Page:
On the other side of the barrier, the Historian Amanda Foreman, author of  “Georgiana: Duchess of Devonshire,” told a reporter from the NYT (Pamela Paul, August 6, 2010) : “good YA is like good television. There’s a freshness there; it’s engaging. YA authors aren’t writing about middle-aged anomie or disappointed people.”  
I met with YA author Suzy Turner to discuss this, and we both felt that t…


One Baker's fight Against Italian Bureaucracy: 4 years to Move to his New Shop!
And he still isn't there! 

The building is finished, but the baker and his wife are still waiting for the "certificato di agibilità" (permission for "access"). It's taken them months to obtain the necessary  certificates and this is the last one they need from the "Comune", the village authorities before they can open their new shop - a bizarre piece of paper that is awaiting somebody's signature, but no one is there in the Comune to sign it. 

They've been waiting for a whole month now for this particular certificate, and when I went there yesterday to buy my bread, they were still waiting...

Let me show you the situation in pictures. Here's one of the several medieval towers on the outside wall that circles Mugnano, a small village of about 1,000 inhabitants in Umbria, the "green heart" of Italy:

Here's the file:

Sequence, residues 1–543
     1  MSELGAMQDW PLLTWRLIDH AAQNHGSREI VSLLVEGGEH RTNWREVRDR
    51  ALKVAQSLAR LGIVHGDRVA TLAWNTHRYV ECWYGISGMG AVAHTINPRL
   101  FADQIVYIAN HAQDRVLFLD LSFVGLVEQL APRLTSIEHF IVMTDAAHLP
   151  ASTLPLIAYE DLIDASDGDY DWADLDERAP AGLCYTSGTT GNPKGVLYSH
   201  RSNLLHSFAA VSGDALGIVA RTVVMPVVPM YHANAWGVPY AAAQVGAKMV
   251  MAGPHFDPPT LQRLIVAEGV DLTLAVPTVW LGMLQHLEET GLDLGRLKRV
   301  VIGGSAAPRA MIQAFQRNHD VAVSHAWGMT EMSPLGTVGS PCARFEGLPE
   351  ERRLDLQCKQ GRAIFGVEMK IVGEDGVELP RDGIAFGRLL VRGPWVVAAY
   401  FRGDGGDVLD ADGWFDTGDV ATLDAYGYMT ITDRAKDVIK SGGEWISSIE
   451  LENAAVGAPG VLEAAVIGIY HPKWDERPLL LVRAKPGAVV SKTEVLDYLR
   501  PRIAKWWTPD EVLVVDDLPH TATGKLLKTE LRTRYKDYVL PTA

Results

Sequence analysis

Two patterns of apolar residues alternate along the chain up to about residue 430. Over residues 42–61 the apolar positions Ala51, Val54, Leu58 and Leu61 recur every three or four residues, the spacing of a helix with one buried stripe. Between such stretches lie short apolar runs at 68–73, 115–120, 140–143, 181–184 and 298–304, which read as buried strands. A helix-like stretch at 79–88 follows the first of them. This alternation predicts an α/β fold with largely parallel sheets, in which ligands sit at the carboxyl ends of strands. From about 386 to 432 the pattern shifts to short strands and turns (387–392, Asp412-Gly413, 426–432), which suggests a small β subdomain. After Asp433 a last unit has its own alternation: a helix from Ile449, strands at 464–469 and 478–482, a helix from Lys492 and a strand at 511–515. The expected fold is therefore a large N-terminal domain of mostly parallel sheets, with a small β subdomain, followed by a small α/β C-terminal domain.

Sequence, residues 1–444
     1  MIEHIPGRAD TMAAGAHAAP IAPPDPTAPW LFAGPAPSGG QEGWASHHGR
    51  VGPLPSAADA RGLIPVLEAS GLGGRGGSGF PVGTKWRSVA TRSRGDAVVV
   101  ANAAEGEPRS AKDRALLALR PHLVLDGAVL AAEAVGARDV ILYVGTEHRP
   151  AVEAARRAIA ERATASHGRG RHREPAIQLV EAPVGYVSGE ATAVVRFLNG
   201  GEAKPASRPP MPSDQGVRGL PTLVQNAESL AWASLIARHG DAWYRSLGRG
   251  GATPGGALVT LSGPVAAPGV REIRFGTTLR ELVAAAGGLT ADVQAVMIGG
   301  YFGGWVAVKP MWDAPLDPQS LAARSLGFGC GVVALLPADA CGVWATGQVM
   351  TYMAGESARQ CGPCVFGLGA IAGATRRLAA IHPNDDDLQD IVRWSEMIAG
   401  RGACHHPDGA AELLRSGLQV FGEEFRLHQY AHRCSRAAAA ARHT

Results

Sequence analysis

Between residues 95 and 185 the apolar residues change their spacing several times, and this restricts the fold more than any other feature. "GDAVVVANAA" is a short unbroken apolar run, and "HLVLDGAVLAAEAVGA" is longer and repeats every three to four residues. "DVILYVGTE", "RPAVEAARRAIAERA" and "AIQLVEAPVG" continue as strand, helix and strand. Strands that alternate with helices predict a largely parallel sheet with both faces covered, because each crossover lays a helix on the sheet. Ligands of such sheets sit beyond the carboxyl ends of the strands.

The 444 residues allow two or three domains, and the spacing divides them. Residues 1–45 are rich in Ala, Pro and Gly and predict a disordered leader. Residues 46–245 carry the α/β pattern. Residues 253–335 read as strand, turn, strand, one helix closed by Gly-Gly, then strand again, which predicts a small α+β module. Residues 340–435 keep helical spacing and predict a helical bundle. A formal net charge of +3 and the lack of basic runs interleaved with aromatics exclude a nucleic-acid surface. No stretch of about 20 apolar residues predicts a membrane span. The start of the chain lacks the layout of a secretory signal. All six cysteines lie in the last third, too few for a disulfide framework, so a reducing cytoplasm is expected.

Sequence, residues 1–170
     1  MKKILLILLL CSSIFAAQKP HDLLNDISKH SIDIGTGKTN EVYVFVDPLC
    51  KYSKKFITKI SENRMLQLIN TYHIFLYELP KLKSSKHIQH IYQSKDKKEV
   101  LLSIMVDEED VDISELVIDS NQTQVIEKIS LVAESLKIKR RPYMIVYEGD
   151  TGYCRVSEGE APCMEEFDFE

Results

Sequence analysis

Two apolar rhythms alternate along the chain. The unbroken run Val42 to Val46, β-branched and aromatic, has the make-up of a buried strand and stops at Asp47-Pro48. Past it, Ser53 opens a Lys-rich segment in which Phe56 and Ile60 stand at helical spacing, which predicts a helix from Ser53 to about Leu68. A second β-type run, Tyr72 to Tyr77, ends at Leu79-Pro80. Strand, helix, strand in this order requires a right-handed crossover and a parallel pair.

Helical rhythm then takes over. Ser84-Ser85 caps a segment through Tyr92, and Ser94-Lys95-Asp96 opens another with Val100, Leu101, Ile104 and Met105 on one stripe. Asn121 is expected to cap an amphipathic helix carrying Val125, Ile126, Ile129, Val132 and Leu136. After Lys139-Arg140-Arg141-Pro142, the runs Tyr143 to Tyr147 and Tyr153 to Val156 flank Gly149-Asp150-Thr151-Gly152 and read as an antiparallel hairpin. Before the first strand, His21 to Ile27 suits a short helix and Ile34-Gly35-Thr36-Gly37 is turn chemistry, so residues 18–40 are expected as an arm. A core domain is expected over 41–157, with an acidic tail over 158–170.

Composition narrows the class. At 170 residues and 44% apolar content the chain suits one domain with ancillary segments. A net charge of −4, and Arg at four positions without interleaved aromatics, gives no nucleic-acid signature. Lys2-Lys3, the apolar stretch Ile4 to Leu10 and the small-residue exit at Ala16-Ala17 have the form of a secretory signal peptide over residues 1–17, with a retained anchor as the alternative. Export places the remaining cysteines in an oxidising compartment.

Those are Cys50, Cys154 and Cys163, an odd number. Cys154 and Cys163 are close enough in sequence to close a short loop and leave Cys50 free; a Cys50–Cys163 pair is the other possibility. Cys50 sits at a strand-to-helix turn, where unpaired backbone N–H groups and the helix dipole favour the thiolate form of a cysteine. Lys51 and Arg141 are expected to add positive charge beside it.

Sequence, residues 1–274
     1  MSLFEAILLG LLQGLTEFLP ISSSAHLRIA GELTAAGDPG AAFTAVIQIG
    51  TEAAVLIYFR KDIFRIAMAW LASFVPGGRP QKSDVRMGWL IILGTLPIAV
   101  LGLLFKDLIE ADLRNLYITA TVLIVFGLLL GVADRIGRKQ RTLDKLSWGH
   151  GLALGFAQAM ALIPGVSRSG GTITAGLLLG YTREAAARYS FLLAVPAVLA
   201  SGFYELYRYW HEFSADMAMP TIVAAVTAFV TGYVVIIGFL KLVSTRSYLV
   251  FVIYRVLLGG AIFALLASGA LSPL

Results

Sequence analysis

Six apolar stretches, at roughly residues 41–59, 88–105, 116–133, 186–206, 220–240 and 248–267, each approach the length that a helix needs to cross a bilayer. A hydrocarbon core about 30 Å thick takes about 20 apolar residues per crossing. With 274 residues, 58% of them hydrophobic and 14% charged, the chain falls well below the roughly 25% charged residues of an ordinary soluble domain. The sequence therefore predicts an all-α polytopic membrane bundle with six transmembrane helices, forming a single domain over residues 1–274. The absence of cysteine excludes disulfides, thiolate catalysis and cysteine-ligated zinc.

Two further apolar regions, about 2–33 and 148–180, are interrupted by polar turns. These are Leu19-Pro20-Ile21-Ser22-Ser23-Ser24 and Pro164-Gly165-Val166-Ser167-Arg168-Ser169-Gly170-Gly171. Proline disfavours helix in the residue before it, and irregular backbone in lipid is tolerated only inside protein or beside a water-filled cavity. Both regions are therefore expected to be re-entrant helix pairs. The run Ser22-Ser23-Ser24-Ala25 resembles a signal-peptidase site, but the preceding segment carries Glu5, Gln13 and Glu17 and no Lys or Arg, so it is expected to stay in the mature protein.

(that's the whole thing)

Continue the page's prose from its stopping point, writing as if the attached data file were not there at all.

Here's the entrance to the baker's shop:


Will book publishers be able to maintain primacy as ebook publishers? | The Passive Voice's Fantastic Post!

I love this analysis that Passive Guy - or Passive Voice, I'm not sure which he prefers - has just published and I can't resist giving you the link to his post here: 
Will book publishers be able to maintain primacy as ebook publishers? | The Passive Voice:

Passive Guy argues convincingly that traditional publishers have fallen prey to the well-known shortcomings of monopolists: rigidities, slowness, lack of invention, incapacity to respond to consumer demand. Just like Microsoft, once a highly innovative company that for a while was a near-monopoly in its industry, has become slow and uninventive - stuck in a rut and no longer able to make money outside of its "cash cow", ie the Microsoft Office products.

Faced with competition from Amazon and to a lesser extent from other etailers, chief among them Barnes and Noble, traditional  book publishers - meaning the Big Six - will find it hard or even impossible to maintain their primacy as ebook publishers. That's what b…


Frankfurt Book Fair Image via Wikipedia
The next big market for e-books? Brazil, India, China? Wrong, it's Europe!
What is rather odd is that all the buzz at the Frankfurt Book Fair is about Brazil and India. Big markets to be sure,and countries that are part of the famous fast growing  BRIC group rocking international trade.